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US Says Any Russian Bid To Divert Ukraine Nuclear Energy ‘Unacceptable’

Russia nuclear threat reduced by international pressure: Scholz
Source: Pixabay

The United States on Thursday condemned any Russian bid to divert energy from Ukraine where authorities said the giant Zaporizhzhia nuclear plant was cut off from its national grid.

“The electricity that it produces rightly belongs to Ukraine and any attempt to disconnect the plant from the Ukrainian power grid and redirect to occupied areas is unacceptable,” State Department spokesman Vedant Patel told reporters.

“No country should turn a nuclear power plant into an active war zone and we oppose any Russian efforts to weaponize or divert energy from the plant,” he said.

Ukraine earlier said that Zaporizhzhia — the largest nuclear facility in Europe — for the first time was severed form its national grid after fighting around the complex.

Patel said that the United States had no indication of abnormal radiation levels and applauded the “courage and selflessness” of Ukrainian workers at the plant.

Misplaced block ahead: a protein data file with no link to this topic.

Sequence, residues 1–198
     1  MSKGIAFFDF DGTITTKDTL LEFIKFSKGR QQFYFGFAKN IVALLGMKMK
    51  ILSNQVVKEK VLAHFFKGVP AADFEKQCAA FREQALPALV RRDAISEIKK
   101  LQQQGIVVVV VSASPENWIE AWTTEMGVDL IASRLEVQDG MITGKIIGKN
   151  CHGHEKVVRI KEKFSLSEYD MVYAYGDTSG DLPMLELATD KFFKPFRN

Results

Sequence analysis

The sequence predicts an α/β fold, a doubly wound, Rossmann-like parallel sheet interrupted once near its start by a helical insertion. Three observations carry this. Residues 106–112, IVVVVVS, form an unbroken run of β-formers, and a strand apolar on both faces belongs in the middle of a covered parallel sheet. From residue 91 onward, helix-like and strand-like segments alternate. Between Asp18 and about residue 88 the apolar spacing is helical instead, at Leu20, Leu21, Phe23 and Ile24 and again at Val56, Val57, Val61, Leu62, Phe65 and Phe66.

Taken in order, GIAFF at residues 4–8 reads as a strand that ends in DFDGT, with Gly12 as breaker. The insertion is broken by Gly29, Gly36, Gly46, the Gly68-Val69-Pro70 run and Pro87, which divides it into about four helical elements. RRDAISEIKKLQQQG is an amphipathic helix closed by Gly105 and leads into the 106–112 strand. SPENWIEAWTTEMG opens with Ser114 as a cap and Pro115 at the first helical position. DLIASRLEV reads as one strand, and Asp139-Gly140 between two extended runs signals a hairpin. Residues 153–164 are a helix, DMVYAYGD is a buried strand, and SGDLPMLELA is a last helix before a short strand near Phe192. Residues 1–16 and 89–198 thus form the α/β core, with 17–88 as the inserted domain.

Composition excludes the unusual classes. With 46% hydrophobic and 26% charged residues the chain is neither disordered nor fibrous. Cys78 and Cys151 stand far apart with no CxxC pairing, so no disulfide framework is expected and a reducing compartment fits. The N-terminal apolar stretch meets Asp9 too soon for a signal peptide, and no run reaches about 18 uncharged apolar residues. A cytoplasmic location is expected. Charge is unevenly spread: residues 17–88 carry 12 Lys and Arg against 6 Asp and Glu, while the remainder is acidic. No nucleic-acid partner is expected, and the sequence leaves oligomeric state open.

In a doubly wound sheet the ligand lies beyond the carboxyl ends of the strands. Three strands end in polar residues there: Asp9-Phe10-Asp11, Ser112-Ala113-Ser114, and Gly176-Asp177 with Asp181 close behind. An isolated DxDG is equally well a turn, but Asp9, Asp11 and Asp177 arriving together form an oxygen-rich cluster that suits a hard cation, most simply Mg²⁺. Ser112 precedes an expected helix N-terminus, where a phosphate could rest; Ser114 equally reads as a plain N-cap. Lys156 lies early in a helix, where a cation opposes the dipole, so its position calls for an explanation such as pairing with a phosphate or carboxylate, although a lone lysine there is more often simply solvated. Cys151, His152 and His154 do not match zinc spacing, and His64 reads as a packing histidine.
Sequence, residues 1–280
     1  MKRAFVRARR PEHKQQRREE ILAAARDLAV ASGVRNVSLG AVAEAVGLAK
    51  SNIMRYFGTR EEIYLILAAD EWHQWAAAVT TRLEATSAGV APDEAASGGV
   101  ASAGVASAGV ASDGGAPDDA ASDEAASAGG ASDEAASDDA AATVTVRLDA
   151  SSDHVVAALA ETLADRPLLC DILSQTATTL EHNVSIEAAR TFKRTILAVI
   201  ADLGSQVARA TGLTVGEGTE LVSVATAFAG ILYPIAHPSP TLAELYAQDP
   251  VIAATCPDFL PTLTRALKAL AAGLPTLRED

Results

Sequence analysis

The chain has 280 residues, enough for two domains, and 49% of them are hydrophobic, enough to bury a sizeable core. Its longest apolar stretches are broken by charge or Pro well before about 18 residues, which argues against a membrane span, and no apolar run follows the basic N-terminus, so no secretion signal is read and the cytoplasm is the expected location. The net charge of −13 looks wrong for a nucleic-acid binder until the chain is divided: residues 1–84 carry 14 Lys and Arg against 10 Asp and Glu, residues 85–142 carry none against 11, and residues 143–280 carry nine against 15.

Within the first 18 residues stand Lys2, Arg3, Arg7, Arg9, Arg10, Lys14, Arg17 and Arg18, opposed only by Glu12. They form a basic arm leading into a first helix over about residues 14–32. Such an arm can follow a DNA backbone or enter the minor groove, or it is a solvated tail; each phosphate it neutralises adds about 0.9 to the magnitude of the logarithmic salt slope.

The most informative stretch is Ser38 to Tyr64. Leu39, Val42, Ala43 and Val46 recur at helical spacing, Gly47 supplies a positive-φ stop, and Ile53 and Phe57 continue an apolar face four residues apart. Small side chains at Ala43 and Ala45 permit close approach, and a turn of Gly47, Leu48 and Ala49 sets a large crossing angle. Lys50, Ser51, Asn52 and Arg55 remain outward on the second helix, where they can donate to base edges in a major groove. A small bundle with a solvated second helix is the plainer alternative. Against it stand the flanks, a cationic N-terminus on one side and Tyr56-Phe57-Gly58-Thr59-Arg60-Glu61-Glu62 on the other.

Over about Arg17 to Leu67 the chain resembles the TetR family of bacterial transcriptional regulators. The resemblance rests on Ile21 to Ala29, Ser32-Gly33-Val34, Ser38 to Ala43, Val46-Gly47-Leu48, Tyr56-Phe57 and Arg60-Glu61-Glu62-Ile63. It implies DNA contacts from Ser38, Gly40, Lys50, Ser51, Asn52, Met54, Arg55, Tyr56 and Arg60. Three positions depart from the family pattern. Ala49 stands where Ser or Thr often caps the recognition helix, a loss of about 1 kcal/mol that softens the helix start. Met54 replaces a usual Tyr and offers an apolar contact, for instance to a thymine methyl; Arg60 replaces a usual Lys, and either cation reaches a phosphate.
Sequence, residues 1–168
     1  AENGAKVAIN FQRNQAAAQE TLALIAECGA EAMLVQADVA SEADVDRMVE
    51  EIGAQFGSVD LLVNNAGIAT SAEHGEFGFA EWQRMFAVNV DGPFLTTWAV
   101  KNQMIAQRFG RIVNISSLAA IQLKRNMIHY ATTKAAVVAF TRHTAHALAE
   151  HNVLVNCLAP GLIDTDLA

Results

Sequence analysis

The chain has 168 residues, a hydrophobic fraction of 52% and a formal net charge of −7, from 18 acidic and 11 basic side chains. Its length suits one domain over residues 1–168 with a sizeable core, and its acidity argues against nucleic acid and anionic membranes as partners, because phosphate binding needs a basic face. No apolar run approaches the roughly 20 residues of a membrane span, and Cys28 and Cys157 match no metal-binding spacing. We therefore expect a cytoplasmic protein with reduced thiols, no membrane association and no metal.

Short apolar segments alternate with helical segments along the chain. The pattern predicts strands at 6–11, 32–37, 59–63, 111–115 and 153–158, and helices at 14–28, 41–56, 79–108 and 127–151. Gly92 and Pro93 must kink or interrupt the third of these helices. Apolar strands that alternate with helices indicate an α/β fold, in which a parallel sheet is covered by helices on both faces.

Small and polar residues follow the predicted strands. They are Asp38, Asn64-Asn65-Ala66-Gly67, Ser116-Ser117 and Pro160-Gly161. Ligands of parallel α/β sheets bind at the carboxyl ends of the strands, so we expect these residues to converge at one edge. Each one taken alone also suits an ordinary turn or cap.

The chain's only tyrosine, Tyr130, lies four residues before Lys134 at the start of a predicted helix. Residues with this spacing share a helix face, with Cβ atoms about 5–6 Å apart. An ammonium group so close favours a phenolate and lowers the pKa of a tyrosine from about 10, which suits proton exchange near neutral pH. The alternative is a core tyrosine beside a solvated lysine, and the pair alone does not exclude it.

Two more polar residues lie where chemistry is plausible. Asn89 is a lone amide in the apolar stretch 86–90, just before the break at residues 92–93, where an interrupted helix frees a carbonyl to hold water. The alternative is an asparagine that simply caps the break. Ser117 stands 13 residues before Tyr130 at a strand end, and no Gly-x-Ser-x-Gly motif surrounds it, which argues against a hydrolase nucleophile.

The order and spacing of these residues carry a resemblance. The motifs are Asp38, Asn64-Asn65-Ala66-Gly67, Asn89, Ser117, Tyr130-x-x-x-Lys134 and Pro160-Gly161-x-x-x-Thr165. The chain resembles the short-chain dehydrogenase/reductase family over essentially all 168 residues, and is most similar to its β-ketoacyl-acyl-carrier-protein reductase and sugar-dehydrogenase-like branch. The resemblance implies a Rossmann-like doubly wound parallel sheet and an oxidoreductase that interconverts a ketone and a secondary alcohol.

President Joe Biden, in a telephone call with his Ukrainian counterpart Volodymyr Zelensky, called for Russia to return full control of the plant and let in UN nuclear inspectors, the White House said.

Bonnie Jenkins, the under secretary of state for arms control, said Moscow — which invaded Ukraine in February — bore responsibility for the plant’s safety.

“Their actions at the Zaporizhzhia nuclear plant have created a serious risk of a nuclear incident — a dangerous radiation release — that could threaten not only the people and environment of Ukraine but also affect neighboring countries and the entire international community,” Jenkins told reporters.

“The risk of radiation release could be all but eliminated if Russia returns control of the Zaporizhzhia nuclear power plant back to Ukraine and fully withdraws from Ukraine’s sovereign territory,” she said.

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AFP

Agence France-Presse (AFP) is a French state-owned international news agency based in Paris. It is the world's oldest news agency, having been founded in 1835 as Havas.




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